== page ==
• A61F2/02Prostheses implantable into the body
    • A61F2/30Joints
    • A61F2/46Special tools or methods for implanting or extracting artificial joints, accessories, bone grafts or substitutes, or particular adaptations therefor
    • A61F2/4657Measuring instruments used for implanting artificial joints
    • A61F2002/4658Measuring instruments used for implanting artificial joints for measuring dimensions, e.g. length
    • A61F2002/4659Measuring instruments used for implanting artificial joints for measuring dimensions, e.g. length for measuring a diameter

Abstract

An arthroscopic tibial sizer provided with a collapsible loop (for example, a nitinol loop) and a pin indicator located at about the center of the collapsible loop. The collapsible loop is formed of a flexible wire (for example, nitinol wire) and is designed to collapse so that it can be inserted through an arthroscopic portal and into the joint, and then to expand out to its original diameter once inside the joint space, for visual sizing. The collapsible loop may be provided in various diameters (i.e., 14, 17 or 20 mm, for example) to match various implant sizes. The pin indicator indicates the center of the loop and provides identification of the center of the tibial defect.

Description

CROSS-REFERENCE TO RELATED APPLICATIONS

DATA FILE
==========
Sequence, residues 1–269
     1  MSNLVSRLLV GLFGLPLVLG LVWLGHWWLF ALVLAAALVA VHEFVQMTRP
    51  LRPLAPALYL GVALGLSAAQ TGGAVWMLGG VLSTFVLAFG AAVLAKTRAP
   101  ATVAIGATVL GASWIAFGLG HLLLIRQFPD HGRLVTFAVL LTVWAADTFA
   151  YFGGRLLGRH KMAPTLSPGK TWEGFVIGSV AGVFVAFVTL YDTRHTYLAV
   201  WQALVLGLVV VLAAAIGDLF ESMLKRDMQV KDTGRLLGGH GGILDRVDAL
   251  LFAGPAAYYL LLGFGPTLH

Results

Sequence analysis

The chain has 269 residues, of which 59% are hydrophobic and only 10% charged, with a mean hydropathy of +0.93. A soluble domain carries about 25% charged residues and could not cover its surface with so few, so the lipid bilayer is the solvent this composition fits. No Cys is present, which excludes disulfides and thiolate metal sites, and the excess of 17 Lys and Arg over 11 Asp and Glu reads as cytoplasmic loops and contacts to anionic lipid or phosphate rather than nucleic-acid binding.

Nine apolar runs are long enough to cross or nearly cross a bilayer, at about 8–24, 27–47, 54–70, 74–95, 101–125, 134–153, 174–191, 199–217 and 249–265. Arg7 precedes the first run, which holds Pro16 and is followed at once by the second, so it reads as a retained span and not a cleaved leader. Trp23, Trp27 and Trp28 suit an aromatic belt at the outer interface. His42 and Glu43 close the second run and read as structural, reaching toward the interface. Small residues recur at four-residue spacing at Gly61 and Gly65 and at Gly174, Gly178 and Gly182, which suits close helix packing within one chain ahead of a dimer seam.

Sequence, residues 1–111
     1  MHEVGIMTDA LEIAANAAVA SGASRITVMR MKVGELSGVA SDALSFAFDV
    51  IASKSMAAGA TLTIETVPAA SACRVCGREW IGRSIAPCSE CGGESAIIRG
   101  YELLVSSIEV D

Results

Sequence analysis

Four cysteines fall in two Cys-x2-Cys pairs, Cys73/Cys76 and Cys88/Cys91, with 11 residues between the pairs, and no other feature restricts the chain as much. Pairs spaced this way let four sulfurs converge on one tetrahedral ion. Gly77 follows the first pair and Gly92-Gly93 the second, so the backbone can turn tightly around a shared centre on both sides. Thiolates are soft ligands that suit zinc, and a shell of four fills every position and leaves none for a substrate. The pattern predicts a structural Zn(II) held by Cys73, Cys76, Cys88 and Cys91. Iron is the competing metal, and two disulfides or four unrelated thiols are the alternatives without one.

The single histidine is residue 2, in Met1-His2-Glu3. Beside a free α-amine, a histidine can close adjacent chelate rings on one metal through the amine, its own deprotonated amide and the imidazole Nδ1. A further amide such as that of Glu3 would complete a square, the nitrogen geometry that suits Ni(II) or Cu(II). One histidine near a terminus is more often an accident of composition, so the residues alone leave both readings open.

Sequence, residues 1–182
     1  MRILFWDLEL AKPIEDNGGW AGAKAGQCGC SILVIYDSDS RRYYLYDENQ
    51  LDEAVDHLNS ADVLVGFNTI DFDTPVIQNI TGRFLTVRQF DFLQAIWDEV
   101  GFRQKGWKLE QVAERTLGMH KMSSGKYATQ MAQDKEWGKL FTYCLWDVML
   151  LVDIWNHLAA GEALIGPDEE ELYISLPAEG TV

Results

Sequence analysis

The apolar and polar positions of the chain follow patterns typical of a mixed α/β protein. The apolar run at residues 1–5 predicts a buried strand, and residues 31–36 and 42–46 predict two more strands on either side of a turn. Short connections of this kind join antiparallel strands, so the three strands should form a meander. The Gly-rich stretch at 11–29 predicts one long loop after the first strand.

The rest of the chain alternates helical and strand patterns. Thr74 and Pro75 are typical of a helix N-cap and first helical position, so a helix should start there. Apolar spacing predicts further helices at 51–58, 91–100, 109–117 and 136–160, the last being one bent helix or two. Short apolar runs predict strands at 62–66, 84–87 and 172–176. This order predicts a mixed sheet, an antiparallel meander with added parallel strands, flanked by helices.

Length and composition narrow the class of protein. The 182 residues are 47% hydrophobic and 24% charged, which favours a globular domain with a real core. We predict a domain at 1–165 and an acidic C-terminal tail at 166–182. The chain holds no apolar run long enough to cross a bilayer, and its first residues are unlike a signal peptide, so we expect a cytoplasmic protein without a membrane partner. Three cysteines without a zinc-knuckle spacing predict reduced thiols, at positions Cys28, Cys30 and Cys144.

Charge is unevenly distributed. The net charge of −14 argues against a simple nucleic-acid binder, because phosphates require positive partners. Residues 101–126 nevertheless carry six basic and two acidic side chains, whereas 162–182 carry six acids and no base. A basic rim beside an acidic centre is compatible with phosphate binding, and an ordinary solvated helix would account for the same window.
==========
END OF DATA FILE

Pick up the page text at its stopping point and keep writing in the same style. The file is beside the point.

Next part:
This application claims the benefit of U.S. Provisional Application Ser. No. 61/222,755, filed Jul. 2, 2009, the entire disclosure of which is incorporated by reference herein.

FIELD OF THE INVENTION

The present invention relates to the field of arthroscopic surgery and, more particularly, to improved instrumentation for reconstructive knee surgery.

BACKGROUND OF THE INVENTION

Partial knee replacement surgery (also called unicompartmental knee arthroplasty) is known in the art for the treatment of osteoarthritis of the knee joint. During partial knee replacement surgery, the bone and cartilage on the end of the femur and top of the tibia are removed. A knee replacement implant made of various biocompatible materials such as metal or plastic is then placed to function as a new knee joint. Depending on the condition of the cartilage on the undersurface of the kneecap, the cartilage may also be replaced. The knee replacement implant typically comprises (i) a femoral component which fits on the femur, (ii) a tibial component which fits on the tibia, and optionally (iii) a patellar component, made of plastic and which replaces the cartilage on the undersurface of the kneecap, and optionally (iv) a plastic insert which fits between the femoral and tibial components.

Placement of the knee replacement implant typically involves the steps of: (i) forming a tibial socket; (ii) performing at least one cut on the femoral condyle; and (iii) placing implants or components into the socket on the tibial plateau and into the femoral cut. These steps are performed using precise instruments to create exact surfaces to accommodate the implant. For example, instrumentation and apparatus for arthroscopic unicompartmental knee surgery (which include a femoral component and a tibial component) are described in U.S. Patent Application Publication No. 2008/0275512, the disclosure of which is incorporated by reference in its entirety herewith.